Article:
Scribe Project
Effective Writing

Course Retrospective

G.K. Chesterton wrote, “If a thing is worth doing, it is worth doing badly.” Zig Ziglar refines this idea with his own quote, “Anything worth doing is worth doing poorly--until you can learn to do it well.” A good habit for “continual process improvement” is to complete a retrospective any time you have come to the end of a major activity in work (and life in general).

Retrospectives, formerly known by the darker term “post-mortems,” have become popular in the Agile software development community and are healthy activity for any individual or group effort. The basic process is simple: take time to answer a few questions about your experiences in a given activity, and synthesize the results into concrete actions that can be applied the next time you are starting a similar kind of effort.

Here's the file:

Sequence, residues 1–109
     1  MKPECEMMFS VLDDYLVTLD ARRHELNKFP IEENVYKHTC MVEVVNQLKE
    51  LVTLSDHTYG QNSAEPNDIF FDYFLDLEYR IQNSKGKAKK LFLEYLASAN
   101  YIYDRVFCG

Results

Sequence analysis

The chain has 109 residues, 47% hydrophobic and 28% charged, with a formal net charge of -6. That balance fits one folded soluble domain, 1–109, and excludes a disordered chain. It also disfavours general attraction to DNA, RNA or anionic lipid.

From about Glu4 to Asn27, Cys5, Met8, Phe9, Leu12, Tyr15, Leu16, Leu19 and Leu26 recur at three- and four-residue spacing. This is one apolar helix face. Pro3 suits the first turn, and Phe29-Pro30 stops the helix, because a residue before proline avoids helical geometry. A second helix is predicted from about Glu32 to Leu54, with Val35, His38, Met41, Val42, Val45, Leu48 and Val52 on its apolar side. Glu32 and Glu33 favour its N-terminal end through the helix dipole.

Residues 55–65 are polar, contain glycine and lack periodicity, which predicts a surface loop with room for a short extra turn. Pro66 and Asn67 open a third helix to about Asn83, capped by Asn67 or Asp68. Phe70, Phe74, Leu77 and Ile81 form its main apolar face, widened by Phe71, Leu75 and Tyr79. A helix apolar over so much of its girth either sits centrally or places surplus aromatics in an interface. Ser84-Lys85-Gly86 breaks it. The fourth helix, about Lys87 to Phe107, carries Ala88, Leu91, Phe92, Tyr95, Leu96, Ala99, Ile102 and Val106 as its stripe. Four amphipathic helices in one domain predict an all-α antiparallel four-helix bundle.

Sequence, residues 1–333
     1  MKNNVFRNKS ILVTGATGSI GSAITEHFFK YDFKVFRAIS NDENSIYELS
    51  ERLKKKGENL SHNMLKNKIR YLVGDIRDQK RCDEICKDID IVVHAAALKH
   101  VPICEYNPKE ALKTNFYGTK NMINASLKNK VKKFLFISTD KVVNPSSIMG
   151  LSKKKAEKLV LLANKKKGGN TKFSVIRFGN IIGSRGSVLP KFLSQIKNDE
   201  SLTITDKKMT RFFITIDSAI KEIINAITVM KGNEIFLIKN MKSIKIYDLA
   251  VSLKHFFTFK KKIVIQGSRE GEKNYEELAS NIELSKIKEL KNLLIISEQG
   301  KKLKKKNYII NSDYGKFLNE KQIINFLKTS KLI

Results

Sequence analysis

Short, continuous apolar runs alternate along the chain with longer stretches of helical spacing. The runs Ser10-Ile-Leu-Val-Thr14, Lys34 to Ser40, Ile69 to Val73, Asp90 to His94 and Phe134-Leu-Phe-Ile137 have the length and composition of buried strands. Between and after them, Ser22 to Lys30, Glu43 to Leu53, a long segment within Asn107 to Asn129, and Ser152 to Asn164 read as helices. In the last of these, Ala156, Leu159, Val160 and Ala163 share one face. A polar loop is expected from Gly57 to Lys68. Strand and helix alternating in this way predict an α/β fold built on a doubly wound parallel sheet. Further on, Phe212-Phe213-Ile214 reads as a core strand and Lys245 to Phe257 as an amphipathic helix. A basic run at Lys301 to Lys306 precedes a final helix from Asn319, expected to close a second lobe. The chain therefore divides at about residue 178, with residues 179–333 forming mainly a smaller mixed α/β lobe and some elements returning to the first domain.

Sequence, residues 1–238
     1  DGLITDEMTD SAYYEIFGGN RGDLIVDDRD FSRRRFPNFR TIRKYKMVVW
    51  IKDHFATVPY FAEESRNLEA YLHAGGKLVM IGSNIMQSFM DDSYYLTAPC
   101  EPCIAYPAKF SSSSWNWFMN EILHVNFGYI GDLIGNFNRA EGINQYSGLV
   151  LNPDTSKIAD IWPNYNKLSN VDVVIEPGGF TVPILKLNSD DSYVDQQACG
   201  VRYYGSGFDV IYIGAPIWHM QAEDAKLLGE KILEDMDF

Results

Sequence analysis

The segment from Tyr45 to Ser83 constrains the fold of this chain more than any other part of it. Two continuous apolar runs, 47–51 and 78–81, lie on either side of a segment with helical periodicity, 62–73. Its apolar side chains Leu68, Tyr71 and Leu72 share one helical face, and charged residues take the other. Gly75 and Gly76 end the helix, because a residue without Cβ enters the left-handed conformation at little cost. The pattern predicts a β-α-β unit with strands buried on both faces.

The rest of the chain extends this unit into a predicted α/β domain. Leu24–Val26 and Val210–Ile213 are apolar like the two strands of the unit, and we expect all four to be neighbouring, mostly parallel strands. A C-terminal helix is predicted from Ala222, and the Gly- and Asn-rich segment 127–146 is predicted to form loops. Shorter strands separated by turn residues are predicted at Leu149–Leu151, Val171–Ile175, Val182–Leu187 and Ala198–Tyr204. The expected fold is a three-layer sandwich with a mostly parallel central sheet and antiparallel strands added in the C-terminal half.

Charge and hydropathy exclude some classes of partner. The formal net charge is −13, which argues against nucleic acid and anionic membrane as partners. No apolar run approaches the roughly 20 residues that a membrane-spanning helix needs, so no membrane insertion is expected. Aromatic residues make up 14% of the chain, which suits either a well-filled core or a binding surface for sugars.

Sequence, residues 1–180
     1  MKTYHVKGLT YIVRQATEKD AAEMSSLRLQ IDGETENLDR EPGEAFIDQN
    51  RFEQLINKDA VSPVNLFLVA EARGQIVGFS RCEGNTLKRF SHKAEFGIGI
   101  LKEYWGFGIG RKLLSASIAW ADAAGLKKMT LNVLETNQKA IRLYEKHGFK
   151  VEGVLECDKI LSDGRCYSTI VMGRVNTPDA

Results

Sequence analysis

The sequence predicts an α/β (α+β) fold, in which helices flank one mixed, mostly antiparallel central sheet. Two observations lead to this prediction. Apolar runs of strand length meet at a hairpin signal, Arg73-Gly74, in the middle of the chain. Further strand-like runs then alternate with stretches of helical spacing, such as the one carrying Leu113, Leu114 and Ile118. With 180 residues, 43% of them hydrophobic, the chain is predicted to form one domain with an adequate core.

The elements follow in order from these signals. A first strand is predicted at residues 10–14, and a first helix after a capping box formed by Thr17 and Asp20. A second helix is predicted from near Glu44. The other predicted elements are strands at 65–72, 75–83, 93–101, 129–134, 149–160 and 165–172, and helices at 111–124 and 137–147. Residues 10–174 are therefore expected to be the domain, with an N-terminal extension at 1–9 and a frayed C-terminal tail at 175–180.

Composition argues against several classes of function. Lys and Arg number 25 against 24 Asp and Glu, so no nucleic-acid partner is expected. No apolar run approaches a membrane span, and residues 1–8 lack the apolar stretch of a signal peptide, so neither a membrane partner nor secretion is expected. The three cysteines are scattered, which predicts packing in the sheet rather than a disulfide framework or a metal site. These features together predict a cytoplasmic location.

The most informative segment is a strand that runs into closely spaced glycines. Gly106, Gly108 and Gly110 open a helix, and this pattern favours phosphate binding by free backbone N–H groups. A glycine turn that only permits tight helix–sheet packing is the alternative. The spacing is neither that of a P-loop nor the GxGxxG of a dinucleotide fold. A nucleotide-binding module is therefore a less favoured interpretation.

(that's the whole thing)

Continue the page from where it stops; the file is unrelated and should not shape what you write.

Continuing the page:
Retrospective questions:

  1. What worked well for us?
  2. What did not work well for us?
  3. What actions can we take to improve our process going forward?

In-class exercise:

  1. Review the activities we have done in CSCI 373 throughout the semester. See the course Website and Handbook to form the complete list.
  2. Using Google Docs and in small group
    • Develop the list of activities we have done this semester, include written and speaking assignments, reading/listening/viewing reflections and in-class activities and assignments.
    • Collect individual responses to each of the above three questions for each activity in your group document.
    • Discuss individual responses as a group and synthesize your responses for the third question for each activity.